## Background

Consider the expression

$(x + h)^2$

Expanding it by the Distribution Axiom

\begin{aligned} (x + h)^2 &\equiv (x + h)(x + h) \\ &\equiv (x + h)x + (x + h)h \\ &\equiv x^2 + xh + xh + h^2 \\ &\equiv x^2 + 2xh + h^2 \\ \end{aligned}

The final result is

$\tag{1}(x + h)^2 \equiv x^2 + 2xh + h^2$

which when rearranged becomes the identity

$\tag{2} \boxed{x^2 + 2xh \equiv (x + h)^2 -h^2}$

The importance of the above identity is it shows a quadratic expression (on left side of identity) that has two terms, $$x^2$$ and $$x$$, could be transformed into one that has only a single unknown $$x$$ term (on right side).

Identity $$(2)$$ should be enough for us to proceed to look at the application of it; but many of us overlook the meaning behind symbols such as $$x$$'s and $$h$$'s in Mathematics. To overcome this, I am going to deliberately state identity $$(2)$$ using more 'graphic' symbols hoping the patterns in the identity present themselves clearer.

$\tag{3} \boxed{\spades^2 + {\color{red}2}\thinspace \spades\hearts \equiv (\spades + \hearts)^2 -\hearts^2}$

The above identity $$(3)$$ tells us, an expression-pattern or shape as on the left side of the identify $$(\spades^2 + 2\thinspace \spades\hearts)$$, is completely equivalent to the expression on the right side of the identity $$((\spades + \hearts)^2 -\hearts^2)$$, for any two numbers $$\spades$$ and $$\hearts$$.

Note the number $$\color{red}2$$ is there in the identify as a natural consequence of a series of valid mathematical operations. Look at the derivation of the identity again if you're suspectful why the number $$\color{red}2$$ should be there.

All these are fine but what is a square-complete quadratic expression? It is simply any expression of the shape

$\spades^2 + 2\thinspace \spades\hearts + \hearts^2$

The above expression is deemed square-complete because it could be 'repackaged' (factorised) into

$(\spades + \hearts)^2$

See identity $$(1)$$ - but replace $$x$$ and $$h$$ with $$\spades$$ and $$\hearts$$ respectively. We could also obtain $$(2)$$ using the concept of areas. This approach might appeal more to people who like to think in terms of pictures and diagrams.

Notice in the above diagram, Figure-1, there is a square block of $$x^2$$ units², with two rectangle blocks of $$xd$$ units² each. The total area of these blocks is

$x^2 + 2xd$

Now, we could also view the above square and rectangle blocks as part of a larger square block of $$(x+d)^2$$ units² - see Figure-2, below.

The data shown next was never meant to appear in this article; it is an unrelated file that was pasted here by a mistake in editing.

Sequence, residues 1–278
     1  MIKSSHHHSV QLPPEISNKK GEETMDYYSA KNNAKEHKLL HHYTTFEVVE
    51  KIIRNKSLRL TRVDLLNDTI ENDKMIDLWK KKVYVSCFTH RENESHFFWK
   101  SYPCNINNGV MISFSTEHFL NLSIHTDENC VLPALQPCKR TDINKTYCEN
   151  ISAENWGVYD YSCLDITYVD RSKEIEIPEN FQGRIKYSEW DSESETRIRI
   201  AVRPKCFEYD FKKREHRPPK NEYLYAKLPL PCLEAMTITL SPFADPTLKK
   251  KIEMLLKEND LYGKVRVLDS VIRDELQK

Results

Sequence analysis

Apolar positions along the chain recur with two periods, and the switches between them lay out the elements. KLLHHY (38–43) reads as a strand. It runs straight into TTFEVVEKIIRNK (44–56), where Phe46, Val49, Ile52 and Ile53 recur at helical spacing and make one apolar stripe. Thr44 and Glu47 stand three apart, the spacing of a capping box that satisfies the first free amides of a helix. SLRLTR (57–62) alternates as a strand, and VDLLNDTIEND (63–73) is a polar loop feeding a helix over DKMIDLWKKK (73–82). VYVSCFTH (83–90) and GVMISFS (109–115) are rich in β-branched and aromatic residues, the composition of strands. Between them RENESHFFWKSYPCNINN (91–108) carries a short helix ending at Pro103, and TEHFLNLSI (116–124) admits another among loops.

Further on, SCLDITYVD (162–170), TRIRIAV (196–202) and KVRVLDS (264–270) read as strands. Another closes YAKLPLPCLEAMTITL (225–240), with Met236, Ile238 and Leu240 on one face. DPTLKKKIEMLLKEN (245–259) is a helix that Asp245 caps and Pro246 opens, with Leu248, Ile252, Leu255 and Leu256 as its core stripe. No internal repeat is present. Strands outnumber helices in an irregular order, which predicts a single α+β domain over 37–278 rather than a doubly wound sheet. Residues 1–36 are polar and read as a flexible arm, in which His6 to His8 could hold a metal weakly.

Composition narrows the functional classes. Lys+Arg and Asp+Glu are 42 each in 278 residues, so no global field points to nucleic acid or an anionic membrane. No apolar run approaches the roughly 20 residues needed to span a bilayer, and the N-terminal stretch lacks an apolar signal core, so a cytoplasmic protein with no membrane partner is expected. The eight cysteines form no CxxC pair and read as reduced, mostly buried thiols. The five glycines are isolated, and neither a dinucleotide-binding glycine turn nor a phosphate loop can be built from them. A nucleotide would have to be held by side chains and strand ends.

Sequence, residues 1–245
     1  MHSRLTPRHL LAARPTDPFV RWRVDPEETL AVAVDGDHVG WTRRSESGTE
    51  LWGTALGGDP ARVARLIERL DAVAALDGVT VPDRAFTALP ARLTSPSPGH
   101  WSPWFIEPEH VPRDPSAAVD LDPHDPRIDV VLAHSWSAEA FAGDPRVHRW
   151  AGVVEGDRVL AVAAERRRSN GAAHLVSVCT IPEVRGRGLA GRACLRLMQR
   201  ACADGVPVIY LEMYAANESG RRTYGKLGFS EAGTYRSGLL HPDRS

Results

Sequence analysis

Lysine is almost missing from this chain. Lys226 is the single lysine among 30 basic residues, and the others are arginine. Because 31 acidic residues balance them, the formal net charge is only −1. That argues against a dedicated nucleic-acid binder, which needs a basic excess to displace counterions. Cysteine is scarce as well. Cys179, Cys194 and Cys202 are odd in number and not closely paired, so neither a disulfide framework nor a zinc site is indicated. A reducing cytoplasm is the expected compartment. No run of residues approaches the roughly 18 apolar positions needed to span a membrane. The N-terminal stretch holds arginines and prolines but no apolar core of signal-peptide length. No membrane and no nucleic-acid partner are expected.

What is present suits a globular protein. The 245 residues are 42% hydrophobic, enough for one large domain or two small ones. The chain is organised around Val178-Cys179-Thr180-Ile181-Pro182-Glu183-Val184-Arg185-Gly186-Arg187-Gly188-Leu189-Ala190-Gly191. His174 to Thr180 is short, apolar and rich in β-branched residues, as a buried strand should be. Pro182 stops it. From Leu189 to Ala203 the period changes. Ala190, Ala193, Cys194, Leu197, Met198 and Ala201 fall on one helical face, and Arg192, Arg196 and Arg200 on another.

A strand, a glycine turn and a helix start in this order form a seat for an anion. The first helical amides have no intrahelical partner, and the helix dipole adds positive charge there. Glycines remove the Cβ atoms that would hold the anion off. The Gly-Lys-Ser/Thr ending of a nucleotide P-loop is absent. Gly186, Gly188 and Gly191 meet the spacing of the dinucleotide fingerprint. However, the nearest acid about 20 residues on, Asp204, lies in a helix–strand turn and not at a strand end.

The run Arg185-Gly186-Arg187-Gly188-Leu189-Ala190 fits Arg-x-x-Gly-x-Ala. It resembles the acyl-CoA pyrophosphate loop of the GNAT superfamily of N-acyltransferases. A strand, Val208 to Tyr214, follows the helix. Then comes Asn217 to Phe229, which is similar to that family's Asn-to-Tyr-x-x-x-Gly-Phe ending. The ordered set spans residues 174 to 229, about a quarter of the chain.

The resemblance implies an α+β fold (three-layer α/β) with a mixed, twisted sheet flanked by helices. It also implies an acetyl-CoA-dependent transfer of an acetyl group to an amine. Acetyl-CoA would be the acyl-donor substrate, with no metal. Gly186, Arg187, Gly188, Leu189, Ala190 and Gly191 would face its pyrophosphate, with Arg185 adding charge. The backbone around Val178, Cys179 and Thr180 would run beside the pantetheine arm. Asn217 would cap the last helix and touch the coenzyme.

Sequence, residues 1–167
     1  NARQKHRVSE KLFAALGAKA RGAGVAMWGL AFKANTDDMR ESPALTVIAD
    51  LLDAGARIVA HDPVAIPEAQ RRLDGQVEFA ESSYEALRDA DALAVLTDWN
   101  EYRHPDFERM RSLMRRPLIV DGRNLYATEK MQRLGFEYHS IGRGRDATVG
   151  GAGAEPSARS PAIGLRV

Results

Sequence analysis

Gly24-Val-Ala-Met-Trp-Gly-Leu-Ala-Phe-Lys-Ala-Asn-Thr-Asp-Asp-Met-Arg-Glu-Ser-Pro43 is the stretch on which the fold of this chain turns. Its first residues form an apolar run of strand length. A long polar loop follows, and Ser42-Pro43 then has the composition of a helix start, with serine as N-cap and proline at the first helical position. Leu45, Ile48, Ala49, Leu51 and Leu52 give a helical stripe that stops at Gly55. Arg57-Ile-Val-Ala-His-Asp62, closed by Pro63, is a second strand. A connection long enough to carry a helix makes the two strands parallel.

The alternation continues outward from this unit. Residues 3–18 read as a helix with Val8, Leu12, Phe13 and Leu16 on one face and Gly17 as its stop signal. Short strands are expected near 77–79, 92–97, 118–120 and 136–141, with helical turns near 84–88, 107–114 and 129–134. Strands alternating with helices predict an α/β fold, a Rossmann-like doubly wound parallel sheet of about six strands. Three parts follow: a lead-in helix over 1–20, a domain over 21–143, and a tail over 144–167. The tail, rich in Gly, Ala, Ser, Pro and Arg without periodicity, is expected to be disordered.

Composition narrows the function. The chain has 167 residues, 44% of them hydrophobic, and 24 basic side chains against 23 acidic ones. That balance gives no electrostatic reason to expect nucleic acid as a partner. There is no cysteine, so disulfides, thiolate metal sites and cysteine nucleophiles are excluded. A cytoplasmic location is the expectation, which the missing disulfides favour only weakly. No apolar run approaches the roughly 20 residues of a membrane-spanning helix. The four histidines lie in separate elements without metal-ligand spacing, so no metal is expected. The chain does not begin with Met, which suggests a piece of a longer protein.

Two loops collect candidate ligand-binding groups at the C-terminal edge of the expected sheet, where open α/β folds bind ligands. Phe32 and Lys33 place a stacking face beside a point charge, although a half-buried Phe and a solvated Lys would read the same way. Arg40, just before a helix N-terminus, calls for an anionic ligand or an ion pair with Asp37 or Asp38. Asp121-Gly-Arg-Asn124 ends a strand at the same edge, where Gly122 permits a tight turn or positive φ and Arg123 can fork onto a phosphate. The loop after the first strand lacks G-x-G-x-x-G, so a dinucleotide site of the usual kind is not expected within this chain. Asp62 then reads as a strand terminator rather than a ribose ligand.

This enables us to obtain the same area as before with the expression

$(x+d)^2 - d^2$

Because both expressions give the same area, they're equivalent, giving us the same result as $$(2)$$

$x^2 + 2xd \equiv (x+d)^2 - d^2$

## Application

Let's see how the result obtained in the theory could be used with actual numbers. Consider

$x^2 - 5x + 3$

Do you see the shape $$\spades^2 + 2\thinspace \spades\hearts$$ in the above expression? If you don't, with a bit of manipulation

\begin{aligned} x^2 - 5x {\color{silver} + 3} &= \underbrace{x^2 + 2x\left(-\frac{5}{2}\right)}_{\spades^2 + 2\thinspace \spades\hearts} {\color{silver} + 3} \end{aligned}

Now we could move on

\begin{aligned} {x^2 - 5x} {\color{silver}+ 3} &= {x^2 + 2x\left(-\frac{5}{2}\right)} {\color{silver}+ 3} \\ &= \underbrace{\left(x + \left[-\frac{5}{2}\right]\right)^2 - \left[-\frac{5}{2}\right]^2 }_{(\spades + \hearts)^2 - \hearts^2} {\color{silver}+ 3} \end{aligned}

Further tidying

\begin{aligned} x^2 - 5x + 3 &= \left(x - \frac{5}{2}\right)^2 - \frac{25}{4} + 3 \\ &= \left(x - \frac{5}{2}\right)^2 - \frac{13}{4} \end{aligned}

In conclusion

$x^2 - 5x + 3 = \left(x - \frac{5}{2}\right)^2 - \frac{13}{4}$

Just what is the fuss about presenting quadratic expressions in terms of square-complete phrases? Suppose we have the following equation to solve

$x^2 - 5x + 3 = 0$

We're required to find the values for the unknown $$x$$ that satisfies the equation. We will use the square-complete form to achieve this

\begin{aligned} x^2 - 5x + 3 &= 0 \\ \left(x - \frac{5}{2}\right)^2 - \frac{13}{4} &= 0 \\ \left(x - \frac{5}{2}\right)^2 &= \frac{13}{4} \\ x - \frac{5}{2} &= \pm{\frac{\sqrt{13}}{2}} \\ x &= \frac{5 \pm \sqrt{13}}{2} \quad \blacksquare \end{aligned}

As you can see, the square-complete technique converts a quadratic expression that has $$x^2$$ and $$x$$ terms into a form that has only one $$x$$ term, enabling us to solve the equation.